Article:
In the United States, intellectual property law is usually viewed as serving an economic policy, by providing an incentive for authors and inventors to create works. The incentive policy, however, ill fits the actual contours of intellectual property law and how artists and inventors use it. Adding other approaches offers a fuller explanation. Intellectual property plays a greater role than economic theory suggests in disclosing technology, and in serving to coordinate cultural values in technology. Intellectual property can serve human rights (similar to the moral rights approach in some jurisdictions) by allowing people to control the way that their works are publicly exploited and by allowing groups (such as indigenous peoples) to implement rights of self-determination, education, and media. In assessing doctrine and theory, deductive reasoning from economic or legal principles is no more important than literary tools, like interpretation and narrative. These points can be illustrated by some stories.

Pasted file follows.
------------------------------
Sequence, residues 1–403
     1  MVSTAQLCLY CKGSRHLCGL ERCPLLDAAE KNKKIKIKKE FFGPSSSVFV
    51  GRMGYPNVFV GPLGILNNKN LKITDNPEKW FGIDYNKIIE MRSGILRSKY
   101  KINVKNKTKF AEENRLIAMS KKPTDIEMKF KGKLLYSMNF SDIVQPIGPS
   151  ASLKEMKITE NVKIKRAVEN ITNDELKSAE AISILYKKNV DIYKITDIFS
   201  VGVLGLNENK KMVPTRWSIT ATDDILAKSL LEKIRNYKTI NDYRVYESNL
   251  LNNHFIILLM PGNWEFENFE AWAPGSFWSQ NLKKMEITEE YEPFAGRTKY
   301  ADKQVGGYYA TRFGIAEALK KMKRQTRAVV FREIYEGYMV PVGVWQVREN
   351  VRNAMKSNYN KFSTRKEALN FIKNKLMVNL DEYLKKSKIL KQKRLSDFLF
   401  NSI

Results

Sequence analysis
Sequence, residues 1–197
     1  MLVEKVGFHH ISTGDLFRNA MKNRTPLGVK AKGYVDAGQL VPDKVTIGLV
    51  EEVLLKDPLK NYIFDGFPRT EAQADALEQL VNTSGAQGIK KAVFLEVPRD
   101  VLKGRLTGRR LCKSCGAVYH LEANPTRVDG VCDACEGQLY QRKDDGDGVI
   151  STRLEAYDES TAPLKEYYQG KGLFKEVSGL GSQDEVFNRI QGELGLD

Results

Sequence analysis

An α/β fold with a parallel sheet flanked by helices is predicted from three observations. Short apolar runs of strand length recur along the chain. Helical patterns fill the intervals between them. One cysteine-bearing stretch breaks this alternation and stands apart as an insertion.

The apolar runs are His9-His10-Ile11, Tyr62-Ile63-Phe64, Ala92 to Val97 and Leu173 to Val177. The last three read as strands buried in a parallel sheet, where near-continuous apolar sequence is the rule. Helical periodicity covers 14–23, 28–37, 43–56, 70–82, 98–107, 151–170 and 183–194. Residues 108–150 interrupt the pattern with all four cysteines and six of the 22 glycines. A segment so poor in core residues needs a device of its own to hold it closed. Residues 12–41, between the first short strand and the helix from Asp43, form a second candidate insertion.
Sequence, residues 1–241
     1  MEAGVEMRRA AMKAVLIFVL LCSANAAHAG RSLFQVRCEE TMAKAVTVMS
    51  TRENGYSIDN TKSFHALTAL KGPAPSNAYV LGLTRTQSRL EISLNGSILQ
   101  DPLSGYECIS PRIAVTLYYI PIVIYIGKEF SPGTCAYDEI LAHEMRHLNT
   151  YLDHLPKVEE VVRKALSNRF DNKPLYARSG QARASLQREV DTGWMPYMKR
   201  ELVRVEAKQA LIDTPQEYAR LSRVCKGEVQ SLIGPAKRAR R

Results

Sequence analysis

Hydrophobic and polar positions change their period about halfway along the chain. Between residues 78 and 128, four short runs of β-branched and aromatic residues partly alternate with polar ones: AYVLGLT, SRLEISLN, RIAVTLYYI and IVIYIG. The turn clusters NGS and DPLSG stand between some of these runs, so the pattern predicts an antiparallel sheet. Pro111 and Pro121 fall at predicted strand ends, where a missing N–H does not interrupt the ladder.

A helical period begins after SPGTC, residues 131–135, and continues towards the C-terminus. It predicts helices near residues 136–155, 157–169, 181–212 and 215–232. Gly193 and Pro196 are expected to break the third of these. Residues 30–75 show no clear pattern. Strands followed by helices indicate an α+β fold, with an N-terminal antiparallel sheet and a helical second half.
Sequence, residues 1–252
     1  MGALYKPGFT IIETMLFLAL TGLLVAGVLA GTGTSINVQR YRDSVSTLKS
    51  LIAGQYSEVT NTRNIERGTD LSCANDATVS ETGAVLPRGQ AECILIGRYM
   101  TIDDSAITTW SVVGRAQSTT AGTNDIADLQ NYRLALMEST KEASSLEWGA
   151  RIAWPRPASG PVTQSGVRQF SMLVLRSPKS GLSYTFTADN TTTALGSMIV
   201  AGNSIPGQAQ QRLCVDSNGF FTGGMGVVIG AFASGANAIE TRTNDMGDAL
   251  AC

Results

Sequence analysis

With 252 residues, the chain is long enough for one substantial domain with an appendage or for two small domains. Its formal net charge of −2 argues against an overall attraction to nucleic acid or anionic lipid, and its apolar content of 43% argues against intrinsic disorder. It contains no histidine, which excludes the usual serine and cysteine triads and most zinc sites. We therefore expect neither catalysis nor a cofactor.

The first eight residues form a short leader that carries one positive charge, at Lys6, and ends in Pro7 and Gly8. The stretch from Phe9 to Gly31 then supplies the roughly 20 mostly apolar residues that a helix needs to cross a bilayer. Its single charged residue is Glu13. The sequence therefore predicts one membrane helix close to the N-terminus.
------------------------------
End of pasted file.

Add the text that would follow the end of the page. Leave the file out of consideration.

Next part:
Lorie Graham and Stephen McJohn,
Thirty-Two Short Stories about Intellectual Property,
3 Hastings Sci. & Tech. L.J. 1
Available at: https://repository.uchastings.edu/hastings_science_technology_law_journal/vol3/iss1/1